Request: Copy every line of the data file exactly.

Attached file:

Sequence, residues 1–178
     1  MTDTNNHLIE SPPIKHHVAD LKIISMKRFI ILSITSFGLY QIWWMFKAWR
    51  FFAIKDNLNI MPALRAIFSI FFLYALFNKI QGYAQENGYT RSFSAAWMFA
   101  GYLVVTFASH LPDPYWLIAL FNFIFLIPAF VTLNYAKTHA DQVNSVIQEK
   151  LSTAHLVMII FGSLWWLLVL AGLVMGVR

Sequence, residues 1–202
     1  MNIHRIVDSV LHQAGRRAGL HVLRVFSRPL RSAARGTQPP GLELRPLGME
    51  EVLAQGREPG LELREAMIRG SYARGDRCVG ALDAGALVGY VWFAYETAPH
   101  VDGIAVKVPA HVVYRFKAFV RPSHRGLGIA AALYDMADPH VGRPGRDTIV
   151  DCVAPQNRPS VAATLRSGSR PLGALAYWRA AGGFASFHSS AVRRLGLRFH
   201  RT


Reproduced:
Sequence, residues 1–178
     1  MTDTNNHLIE SPPIKHHVAD LKIISMKRFI ILSITSFGLY QIWWMFKAWR
    51  FFAIKDNLNI MPALRAIFSI FFLYALFNKI QGYAQENGYT RSFSAAWMFA
   101  GYLVVTFASH LPDPYWLIAL FNFIFLIPAF VTLNYAKTHA DQVNSVIQEK
   151  LSTAHLVMII FGSLWWLLVL AGLVMGVR

Sequence, residues 1–202
     1  MNIHRIVDSV LHQAGRRAGL HVLRVFSRPL RSAARGTQPP GLELRPLGME
    51  EVLAQGREPG LELREAMIRG SYARGDRCVG ALDAGALVGY VWFAYETAPH
   101  VDGIAVKVPA HVVYRFKAFV RPSHRGLGIA AALYDMADPH VGRPGRDTIV
   151  DCVAPQNRPS VAATLRSGSR PLGALAYWRA AGGFASFHSS AVRRLGLRFH
   201  RT